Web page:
Food
Avoid the Calorie-Bomb Salad
Chain restaurants and DIY salad bars can turn a healthy meal into a not-so-healthy one. Use these light-and-smart strategies.

When do healthy greens — whether from a popular chain or a DIY salad bar — become unhealthy? When they are mixed with extra-large portions of too many toppings. To enjoy a veggie-based bowl that’s also a balanced meal, begin with a foundation of dark greens, grab some tongs, and start building.

 

Pick a protein


Some salads are loaded with chicken, bacon, and cheese — too many sources of extra fat and calories. One protein is all you need. You can have a serving of meat, fish, beans, or cheese. Place a 3-ounce portion (about the size of a deck of cards) on your greens.

 

Add crunch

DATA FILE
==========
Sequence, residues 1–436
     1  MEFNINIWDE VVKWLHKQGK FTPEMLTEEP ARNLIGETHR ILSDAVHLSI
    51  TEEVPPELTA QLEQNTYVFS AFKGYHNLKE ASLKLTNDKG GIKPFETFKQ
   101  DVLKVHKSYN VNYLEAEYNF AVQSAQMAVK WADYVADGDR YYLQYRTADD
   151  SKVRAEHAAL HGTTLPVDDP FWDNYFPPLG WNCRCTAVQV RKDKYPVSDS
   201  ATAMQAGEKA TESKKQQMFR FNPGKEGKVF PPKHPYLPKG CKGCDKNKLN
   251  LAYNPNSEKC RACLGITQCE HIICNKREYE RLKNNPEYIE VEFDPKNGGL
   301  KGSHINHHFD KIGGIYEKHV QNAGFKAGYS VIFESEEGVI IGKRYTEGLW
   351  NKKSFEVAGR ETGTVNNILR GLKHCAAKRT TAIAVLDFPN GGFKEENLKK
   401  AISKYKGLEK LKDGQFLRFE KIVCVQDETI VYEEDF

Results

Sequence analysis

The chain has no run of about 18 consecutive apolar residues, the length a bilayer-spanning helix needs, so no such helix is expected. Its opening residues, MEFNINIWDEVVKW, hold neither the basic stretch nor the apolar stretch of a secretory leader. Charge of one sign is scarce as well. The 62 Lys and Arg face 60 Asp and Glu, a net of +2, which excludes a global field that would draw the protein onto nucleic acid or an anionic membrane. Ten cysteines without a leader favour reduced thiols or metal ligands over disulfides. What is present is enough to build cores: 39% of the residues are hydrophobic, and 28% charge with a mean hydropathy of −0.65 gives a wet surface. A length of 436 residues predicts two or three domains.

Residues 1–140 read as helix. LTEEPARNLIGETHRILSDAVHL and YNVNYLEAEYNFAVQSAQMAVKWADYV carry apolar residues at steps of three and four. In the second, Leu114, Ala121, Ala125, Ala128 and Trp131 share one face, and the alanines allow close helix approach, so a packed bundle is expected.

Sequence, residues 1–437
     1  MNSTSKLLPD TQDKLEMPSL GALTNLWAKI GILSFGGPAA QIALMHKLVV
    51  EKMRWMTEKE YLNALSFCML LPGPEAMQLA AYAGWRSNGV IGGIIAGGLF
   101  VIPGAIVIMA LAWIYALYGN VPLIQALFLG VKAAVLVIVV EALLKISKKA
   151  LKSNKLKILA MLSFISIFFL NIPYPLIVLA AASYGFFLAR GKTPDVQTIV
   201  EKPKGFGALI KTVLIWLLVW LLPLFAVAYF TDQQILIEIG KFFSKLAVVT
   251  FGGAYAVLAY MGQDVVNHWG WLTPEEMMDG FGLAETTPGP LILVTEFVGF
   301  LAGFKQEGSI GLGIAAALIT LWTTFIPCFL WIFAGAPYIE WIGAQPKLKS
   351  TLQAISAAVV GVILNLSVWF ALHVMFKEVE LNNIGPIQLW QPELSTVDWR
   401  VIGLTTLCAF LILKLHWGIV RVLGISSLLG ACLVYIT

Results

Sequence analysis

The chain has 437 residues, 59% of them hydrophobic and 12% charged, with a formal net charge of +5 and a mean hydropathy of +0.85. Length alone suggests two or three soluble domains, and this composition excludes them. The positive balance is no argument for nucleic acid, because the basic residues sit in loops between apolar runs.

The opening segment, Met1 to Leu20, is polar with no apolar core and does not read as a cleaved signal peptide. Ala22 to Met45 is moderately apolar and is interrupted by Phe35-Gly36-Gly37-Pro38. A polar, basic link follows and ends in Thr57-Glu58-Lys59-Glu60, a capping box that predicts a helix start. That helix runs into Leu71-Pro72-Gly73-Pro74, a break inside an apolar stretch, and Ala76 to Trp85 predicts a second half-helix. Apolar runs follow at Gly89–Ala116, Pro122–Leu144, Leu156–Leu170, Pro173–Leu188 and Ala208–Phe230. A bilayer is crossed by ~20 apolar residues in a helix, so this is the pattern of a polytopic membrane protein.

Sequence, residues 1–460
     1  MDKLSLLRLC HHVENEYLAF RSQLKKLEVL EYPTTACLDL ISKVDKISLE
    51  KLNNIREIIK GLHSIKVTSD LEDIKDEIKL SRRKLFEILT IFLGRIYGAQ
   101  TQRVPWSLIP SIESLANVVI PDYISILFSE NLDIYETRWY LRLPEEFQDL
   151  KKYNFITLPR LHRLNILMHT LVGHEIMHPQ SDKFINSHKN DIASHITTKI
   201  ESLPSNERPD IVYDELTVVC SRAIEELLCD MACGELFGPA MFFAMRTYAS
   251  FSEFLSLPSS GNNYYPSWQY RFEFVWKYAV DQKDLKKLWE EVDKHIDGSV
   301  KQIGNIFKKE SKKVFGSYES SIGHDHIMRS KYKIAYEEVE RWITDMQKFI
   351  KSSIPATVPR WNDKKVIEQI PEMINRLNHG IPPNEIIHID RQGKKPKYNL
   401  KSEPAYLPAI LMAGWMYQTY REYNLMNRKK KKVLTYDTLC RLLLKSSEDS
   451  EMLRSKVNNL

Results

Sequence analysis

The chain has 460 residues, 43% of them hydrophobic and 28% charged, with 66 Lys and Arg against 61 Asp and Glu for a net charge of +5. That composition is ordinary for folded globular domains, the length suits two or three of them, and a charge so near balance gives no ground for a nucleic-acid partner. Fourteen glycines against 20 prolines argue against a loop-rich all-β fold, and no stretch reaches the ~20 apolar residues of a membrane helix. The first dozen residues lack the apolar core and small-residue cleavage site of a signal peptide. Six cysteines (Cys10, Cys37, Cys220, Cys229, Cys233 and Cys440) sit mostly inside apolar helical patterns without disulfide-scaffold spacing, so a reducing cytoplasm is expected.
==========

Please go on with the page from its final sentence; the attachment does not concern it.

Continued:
People who embrace a salad-a-day habit are more likely to meet their need for important vitamins, including immunity-boosting C and E, according to research in the Journal of the American Dietetic Association. To get the best healthy boost, stick with crunchy toppers like celery, peppers, carrots, and cukes. Skip croutons, noodles, and tortilla strips.

 

Have a little fat


Monounsaturated fats help you absorb carotenoids found in veggies like spinach and carrots, which are important for eye health, suggests recent research from Purdue University. Instead of traditional oil, try one of these: 10 olives, ½ oz nuts (12 almonds or 7 walnut halves), or ¼ avocado. Each of these is the fat equivalent of 1 to 2 tsp oil.

 

Strong cheese = big flavor


You only need small amounts of cheeses like blue, herbed goat, or Parmesan.

 

Go for bulk


Water-rich veggies (like peppers) are loaded with nutrients and will help keep you hydrated throughout summer.

EXPERT: Carolyn O’Neil, MS, Atlanta-based registered dietitian and nutrition adviser for The Center for Food Integrity, a watchdog group in Gladstone, MO.